After more than 12 years in the military serving overseas, Troy Van Beek founded Ideal Energy in 2009 in Fairfield, Iowa, to continue serving others, this time down a path of sustainability. Today the company primarily works on commercial and industrial solar installations under 1 MW. Ideal Energy excels at providing C&I customers with a competitive advantage — whether through good PR, attracting vendors and employees or reducing operating costs, all through solar.
In this Contractor’s Corner podcast, Solar Power World editor-in-chief Kelly Pickerel talks with Troy, Amy Van Beek and Aurelien Windenberger about Ideal Energy’s work in Iowa.
A portion of the interview is below, but be sure to listen to the full podcast for even more insight, including the experience of installing the first Tesla Powerpack system in the state, what it’s like working with 183 different utilities in Iowa and Ideal Energy’s goals for future expansion. Find the Contractor’s Corner podcast on your favorite podcast app.
Aurelien: Over the last 10 years, we’ve seen it kind of go in fits and starts. We have a nice state tax credit for renewable projects. It’s half of the federal credit, so 15%, and they do cap it at $5,000 for residential projects and $20,000 for commercial projects. That’s been in place for many years and been a big positive, helping push solar adoption. The two investor-owned utilities are required to do net metering, so that’s also a big benefit, but recently we’ve seen some pushes through the tariff structures that the utilities are trying to put into place and through state legislative actions to hold back the industry a little bit. We are members of the Iowa Solar Energy Trade Association and we work with the Environmental Law and Policy Center in Iowa. We try to keep active on legislation. It’s an important part of what we do in the industry, making sure we’re being vigilant. As long as we keep the policy strong, the prices will continue to be reduced and be a better opportunity for our customers.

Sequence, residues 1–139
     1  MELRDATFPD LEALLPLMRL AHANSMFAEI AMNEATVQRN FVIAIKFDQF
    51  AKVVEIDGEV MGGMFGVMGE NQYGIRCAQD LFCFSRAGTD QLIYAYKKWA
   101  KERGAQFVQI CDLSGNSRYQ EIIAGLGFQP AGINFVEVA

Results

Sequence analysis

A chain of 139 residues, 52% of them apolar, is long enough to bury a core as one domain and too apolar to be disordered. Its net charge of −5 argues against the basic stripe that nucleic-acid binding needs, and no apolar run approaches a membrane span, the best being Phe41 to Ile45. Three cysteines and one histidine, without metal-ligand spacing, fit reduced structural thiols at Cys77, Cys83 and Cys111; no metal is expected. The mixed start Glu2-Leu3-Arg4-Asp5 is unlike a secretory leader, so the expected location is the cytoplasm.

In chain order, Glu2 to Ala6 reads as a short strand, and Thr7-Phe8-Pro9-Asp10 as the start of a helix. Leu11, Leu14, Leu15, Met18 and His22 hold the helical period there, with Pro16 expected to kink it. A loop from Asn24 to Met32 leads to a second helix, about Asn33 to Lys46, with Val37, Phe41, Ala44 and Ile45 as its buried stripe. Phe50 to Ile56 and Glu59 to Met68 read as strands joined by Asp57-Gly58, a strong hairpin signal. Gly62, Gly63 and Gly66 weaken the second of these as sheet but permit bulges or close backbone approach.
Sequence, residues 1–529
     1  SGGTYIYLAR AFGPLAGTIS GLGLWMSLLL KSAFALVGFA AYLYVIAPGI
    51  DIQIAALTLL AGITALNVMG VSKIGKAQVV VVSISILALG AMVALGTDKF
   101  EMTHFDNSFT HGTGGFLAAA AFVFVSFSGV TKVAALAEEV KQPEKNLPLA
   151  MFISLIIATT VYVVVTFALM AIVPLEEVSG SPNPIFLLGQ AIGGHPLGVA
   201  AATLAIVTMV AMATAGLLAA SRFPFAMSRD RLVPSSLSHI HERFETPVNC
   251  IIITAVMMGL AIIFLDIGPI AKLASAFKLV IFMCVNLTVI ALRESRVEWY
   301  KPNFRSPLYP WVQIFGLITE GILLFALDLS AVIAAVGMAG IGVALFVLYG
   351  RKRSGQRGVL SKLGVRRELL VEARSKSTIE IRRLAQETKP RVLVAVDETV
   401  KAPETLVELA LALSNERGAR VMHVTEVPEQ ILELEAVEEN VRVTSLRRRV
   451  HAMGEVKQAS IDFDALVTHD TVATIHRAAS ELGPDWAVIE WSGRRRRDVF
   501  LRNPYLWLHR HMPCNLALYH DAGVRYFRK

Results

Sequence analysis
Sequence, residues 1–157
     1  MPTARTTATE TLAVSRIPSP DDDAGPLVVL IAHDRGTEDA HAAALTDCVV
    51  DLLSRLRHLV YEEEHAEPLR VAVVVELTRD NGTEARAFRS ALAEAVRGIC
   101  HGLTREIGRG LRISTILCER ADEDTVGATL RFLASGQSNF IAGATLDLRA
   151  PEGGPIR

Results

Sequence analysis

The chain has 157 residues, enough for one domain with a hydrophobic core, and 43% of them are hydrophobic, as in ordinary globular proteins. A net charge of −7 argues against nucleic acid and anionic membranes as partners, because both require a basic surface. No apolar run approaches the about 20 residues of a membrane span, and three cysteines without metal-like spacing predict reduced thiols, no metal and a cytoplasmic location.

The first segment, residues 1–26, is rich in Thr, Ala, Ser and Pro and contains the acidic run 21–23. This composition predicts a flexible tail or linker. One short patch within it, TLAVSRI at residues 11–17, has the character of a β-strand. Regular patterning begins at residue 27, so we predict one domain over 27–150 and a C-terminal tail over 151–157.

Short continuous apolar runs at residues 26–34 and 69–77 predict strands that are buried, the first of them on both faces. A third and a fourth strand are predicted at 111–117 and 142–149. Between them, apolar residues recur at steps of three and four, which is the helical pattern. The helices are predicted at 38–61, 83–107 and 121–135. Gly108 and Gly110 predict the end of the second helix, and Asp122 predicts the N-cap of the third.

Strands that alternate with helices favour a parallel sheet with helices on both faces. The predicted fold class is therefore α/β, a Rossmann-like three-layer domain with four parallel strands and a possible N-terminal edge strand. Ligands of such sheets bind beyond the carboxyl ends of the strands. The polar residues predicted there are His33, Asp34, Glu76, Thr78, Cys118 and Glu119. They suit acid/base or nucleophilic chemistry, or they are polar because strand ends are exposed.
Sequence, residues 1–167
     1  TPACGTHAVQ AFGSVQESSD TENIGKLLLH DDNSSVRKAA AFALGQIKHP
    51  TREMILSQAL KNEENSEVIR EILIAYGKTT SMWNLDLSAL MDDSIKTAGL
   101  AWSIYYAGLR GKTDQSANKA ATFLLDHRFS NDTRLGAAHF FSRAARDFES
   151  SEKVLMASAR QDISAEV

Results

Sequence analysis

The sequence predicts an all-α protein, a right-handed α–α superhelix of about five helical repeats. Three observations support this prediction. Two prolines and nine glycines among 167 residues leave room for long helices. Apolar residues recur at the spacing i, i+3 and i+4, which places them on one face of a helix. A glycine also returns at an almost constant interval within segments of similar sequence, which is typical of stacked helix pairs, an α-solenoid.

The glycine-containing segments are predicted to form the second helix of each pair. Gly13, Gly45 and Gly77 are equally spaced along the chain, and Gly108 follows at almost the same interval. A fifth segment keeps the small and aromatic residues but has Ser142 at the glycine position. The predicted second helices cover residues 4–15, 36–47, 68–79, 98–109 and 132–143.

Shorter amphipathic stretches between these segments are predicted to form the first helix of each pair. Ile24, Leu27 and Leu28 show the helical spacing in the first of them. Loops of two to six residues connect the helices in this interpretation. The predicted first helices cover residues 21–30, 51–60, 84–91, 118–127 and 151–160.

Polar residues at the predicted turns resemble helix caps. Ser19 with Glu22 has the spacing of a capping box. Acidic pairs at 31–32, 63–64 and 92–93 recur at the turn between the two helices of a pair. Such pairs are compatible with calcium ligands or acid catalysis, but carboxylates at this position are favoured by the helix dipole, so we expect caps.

Amy: We spend a fair amount of time at the State Capitol during legislative sessions, and we’ve established a pretty good rapport with Governor Reynolds who tends to be very supportive of the solar industry. We do a lot of work in making time to have politicians visit our sites and actually hear from our customers the stories about how it’s transformed their business. We found that is extremely effective in changing the mindset or having a shift in perspective for what the solar industry can do in Iowa.
With a decade of business under your belt, what would you say has been the biggest obstacle in getting more solar installed in your area?
Troy: Government regulation and tariffs would be one of the biggest obstacles, although education is always the biggest issue. We just need to get the word out that solar is an incredible advantage. On another note, in Iowa, we have about 183 different utilities. That’s always going to be an obstacle, because we do have to work with the utilities. We understand there are a lot of rules and regulations to go into integrating with the utility and it’s important that we follow those rules. But with every different utility, we have to reinvent the process and make sure our team is well educated on how they perform.
Aurelien: Depending on the different utility structures, how they structure their tariffs makes a big impact as to whether solar pencils out properly for the customer here in Iowa. The two investor-owned utilities are required to do net metering, but all of the rural electric cooperatives and municipal utilities do not have that same requirement.